The Sinful Woman Forgiven
by Jesse Lyman Hurlbut
WHILE JESUS was passing through southern Galilee, in one place a Pharisee named Simon invited him to his house for dinner.
The Pharisees, you remember, were people who were supposed to be very religious, because they carefully followed all the rules about praying at regular hours every day, whether on the street or in their homes; fasting, or not taking food, on certain days; going to church three times every week, and doing many things to be seen by others, while they were often sharp and hard in their dealings with men. They seemed to be good, but often were not as good as they seemed. Everywhere the Pharisees were at heart enemies of Jesus. They watched him, but in no friendly spirit.
This Pharisee, Simon, wished to know Jesus and to talk with him, although he did not believe in him. But he felt that Jesus, being only a common carpenter who had turned Rabbi, or teacher, was below himself in rank; and he did not treat him with respect.
When a great man came to the house, the servants took off his sandals and washed his feet; they dressed his hair and poured fragrant oil upon his head. None of these things had Simon done to Jesus. He merely invited him to his house, and without even giving him water to wash his feet, all dusty with walking, he pointed him to his place at the table.
In that land people did not sit down upon chairs at dinner. Around the table were placed couches or lounges, and on these the guests reclined, half lying and half sitting, their heads toward the table and their feet away from it. They could reach the table and help themselves to food or drink.
Very little meat was eaten; and before being placed upon the table, it was always cut into small pieces, so that the guests needed no knives or forks. After each course of the meal, a servant passed around a bowl of water and a towel, and washed the hands of the guests.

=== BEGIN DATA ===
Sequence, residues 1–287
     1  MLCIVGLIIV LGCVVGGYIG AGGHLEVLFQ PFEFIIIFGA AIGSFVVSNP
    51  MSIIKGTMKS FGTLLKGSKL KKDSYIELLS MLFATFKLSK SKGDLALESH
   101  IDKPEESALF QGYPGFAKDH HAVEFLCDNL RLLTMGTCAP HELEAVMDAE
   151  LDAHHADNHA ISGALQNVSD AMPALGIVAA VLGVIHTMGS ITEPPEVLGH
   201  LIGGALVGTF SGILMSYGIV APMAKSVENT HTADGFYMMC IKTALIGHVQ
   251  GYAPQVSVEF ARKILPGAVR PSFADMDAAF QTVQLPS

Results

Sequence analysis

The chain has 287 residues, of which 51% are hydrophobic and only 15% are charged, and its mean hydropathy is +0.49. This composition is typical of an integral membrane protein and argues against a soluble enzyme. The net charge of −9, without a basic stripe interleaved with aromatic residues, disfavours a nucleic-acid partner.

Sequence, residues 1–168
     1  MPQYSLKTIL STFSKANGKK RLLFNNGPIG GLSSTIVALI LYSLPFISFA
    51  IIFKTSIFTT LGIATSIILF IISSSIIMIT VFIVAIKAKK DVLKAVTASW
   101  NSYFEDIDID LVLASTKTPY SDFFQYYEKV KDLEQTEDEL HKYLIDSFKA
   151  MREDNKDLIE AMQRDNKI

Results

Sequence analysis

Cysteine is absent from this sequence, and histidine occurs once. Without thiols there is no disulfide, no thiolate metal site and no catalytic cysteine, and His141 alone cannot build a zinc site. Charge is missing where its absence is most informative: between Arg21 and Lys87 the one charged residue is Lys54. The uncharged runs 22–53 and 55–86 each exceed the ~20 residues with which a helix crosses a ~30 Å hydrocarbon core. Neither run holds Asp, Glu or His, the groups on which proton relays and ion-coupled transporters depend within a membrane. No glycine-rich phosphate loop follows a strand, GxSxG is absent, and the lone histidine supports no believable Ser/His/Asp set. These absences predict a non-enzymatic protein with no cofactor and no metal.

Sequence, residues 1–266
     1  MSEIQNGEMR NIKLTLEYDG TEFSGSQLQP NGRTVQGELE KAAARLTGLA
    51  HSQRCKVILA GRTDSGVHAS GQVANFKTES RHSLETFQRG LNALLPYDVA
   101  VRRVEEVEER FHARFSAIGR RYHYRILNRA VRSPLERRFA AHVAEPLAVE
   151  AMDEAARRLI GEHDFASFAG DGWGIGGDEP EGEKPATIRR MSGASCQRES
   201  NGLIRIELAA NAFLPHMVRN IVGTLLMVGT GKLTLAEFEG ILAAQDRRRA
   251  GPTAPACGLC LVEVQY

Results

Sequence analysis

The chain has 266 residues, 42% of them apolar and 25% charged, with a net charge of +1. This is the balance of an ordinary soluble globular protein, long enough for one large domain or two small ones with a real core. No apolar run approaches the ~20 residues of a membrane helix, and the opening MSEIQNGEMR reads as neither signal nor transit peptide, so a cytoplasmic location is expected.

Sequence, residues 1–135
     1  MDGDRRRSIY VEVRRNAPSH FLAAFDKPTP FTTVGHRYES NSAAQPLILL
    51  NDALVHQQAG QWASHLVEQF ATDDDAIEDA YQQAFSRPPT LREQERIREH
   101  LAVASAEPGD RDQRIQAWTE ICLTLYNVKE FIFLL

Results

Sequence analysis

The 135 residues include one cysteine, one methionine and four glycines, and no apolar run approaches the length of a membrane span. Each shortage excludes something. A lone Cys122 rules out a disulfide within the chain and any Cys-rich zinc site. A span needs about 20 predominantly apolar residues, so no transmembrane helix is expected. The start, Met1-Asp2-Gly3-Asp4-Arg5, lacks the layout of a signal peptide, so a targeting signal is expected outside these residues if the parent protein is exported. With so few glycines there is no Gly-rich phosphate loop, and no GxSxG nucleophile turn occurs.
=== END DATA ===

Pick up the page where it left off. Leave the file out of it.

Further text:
While Jesus, and perhaps his disciples with him, were at the table during the dinner, people were coming in and going out freely. Soon a woman came in, looked around, saw Jesus, and went toward the couch whereon he was lying. In her hand was a jar of fragrant oil. She broke the jar, not waiting to take out the stopple, and poured the oil upon his feet. She wiped his feet with her long flowing hair; she wept over them, dropping her many tears upon his feet; and she kissed them over and over again.
All the people of that place knew who this woman was, and knew the life that she had lived. She had not been a good woman, but had been wicked, and was despised by all respectable people. Simon the Pharisee wondered that Jesus should allow such a woman to touch him. He thought within himself, though he did not say it aloud:
"This man cannot be a prophet, as they say he is; for if he were a prophet he would know what a vile creature this woman is, and he would not permit her hands to touch even his feet."
Jesus read the thoughts of the Pharisee, for he could look down into his mind. He said, "Simon, I have something to say to you."
"Well, Teacher," answered Simon, "say it."
Then Jesus said, "There was a lender of money, to whom two persons owed a debt. One owed him five hundred pieces of silver and the other owed him fifty. Neither of these two men could pay his debt; and so the money lender let them both go free. Tell me now, Simon, which of those two men will love this man the most?"
"I suppose," answered Simon, "the man who had the most forgiven."
"You are right," said Jesus. Then he turned toward the woman, and went on, still speaking to Simon. "Do you see this woman? When I came into your house, you never even gave me water for my feet; but see, she has wet my feet with her tears, and wiped them dry with her hair. You never gave me a kiss of welcome; but this woman ever since she came in has been pressing kisses upon my feet. You never anointed my head with oil; but she has poured perfume over my feet. Therefore I tell you, Simon, that many as her sins have been, they are forgiven, for her love is great; while he to whom little is forgiven loves only a little."
Then he spoke to the woman, "Your sins are forgiven."
Those at the table began to whisper to one another, "Who is this that claims the right to forgive sins?"
But he said to the woman, "Your faith has saved you; go in peace."
After this he went on visiting the villages and telling the people the good news of the Kingdom of God. With him were his twelve chosen disciples. Besides these men were some women whom Jesus had cured of different diseases. One was Mary Magdalene, from whom Jesus had cast out no less than seven evil spirits. Another was Joanna, the wife of a nobleman named Chuza, who was a high officer in the court of King Herod Antipas, the ruler of Galilee. Another was named Susanna; and with these were a number of other women. Some of these were rich, and gave freely of their money to help Jesus.